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Tricks and Treats for Adults

Learn a new cocktail trick at the wine stores this weekend. We’ll be pouring tastes of Crystal Head vodka (the one that comes in a SKULL) and demonstrating how to make a Halloween-themed cocktail. The event is FREE and will take place in the Manhattan wine store on Friday, October 30 from 5-8pm and in the Brooklyn wine store on Saturday, October 31 from 5-8pm.

At Provisions, we’ve got tempting treats that will prevent you from raiding the kids’ candy stock. We just got a delivery of Liddabit sweets – local handmade chocolates including amazing salt caramels and gourmet candy bars like the King Bar made with soft peanut butter nougat sandwiched between a brown sugar-brown butter cookie and a layer of fresh banana ganache, and dipped in milk chocolate. Fresh out of the oven, we’ve also got pumpkin ginger sandwiches (don’t call them “whoopie pies!”) – creamy white chocolate filling delicately spiked with white pepper sandwiched between two spiced pumpkin ginger cookies and dusted with sparkling sugar from local artisanal, inventive bakers Whimsy & Spice.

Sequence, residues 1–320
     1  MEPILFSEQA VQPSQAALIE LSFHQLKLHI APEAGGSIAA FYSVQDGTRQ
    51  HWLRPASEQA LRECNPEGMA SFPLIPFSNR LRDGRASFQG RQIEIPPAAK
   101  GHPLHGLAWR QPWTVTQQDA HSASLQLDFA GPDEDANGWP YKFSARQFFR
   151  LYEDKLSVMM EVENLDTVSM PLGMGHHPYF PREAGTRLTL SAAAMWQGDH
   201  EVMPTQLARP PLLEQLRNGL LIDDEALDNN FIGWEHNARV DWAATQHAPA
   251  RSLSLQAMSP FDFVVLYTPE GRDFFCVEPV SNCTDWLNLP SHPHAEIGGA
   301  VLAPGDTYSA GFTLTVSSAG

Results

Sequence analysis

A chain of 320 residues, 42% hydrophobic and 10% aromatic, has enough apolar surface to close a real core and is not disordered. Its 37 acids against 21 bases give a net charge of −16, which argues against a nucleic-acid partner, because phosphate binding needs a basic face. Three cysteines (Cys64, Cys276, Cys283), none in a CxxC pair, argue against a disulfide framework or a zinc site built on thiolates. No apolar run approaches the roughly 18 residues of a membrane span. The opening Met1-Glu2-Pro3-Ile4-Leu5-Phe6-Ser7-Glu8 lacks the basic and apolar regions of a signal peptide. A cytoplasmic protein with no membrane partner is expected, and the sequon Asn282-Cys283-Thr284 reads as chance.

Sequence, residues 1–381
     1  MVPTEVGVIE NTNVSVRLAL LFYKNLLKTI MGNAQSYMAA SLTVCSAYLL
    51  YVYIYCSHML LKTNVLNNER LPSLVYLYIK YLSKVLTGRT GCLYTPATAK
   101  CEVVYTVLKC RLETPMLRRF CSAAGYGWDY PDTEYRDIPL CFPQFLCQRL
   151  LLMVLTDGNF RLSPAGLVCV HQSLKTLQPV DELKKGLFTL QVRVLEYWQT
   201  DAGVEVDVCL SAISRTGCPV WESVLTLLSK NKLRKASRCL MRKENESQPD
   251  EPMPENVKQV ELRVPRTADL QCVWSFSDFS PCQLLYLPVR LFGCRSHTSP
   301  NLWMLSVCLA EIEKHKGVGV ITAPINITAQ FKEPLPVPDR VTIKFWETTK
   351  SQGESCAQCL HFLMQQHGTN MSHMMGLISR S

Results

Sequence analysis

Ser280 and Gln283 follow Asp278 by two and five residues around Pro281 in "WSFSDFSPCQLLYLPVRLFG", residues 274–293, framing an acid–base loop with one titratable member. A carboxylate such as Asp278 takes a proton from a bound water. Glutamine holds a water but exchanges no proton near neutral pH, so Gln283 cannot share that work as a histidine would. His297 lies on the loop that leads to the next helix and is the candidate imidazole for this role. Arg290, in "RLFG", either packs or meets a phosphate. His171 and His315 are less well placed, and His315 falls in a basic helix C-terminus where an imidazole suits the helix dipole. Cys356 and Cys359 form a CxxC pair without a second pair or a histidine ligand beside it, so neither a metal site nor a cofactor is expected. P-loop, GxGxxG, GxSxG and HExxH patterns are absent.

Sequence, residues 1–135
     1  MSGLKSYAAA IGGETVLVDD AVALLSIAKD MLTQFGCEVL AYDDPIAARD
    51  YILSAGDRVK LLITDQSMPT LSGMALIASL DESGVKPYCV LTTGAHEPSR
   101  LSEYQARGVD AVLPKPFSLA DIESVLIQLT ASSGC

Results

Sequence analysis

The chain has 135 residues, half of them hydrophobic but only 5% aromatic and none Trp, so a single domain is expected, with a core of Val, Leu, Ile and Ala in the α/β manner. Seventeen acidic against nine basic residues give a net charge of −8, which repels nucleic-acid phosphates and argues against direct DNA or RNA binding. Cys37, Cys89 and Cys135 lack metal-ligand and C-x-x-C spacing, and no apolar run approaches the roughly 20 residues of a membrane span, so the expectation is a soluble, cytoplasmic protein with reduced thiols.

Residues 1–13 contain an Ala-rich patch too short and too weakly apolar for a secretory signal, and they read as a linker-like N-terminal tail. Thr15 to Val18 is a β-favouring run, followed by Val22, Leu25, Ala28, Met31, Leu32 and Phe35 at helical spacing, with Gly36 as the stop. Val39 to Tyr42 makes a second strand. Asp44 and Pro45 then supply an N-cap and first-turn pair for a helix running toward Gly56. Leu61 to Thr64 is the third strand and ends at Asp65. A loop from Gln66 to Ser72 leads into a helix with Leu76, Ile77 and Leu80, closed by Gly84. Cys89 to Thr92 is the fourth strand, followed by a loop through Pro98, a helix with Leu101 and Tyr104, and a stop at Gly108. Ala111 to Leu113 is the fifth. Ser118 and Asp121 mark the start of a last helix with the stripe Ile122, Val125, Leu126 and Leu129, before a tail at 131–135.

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Savory Pastries from Colson Patisserie

If the article on autumn baking in this morning’s New York Times had you salivating, here’s a shortcut to your savory pastry fix. We’ve now got goat cheese turnovers and cheddar scones from famed Colson Patisserie. We also have apple turnovers. Colson Patisserie is an off-shoot of the famed Mons, Belgium bakery and they’ve got the flakiest turnovers we’ve had. The goat cheese turnover is filled with red and green peppers and is a great savory breakfast treat, a nice small accompaniment to Daniel’s soups and cut into quarters makes a pretty impressive appetizer for dinner.

Greene GrapeSavory Pastries from Colson Patisserie
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Apple and Peach Crumble

Now that it’s high fruit season, we thought you’d appreciate a reminder of the simple pleasure of a fruit crumble.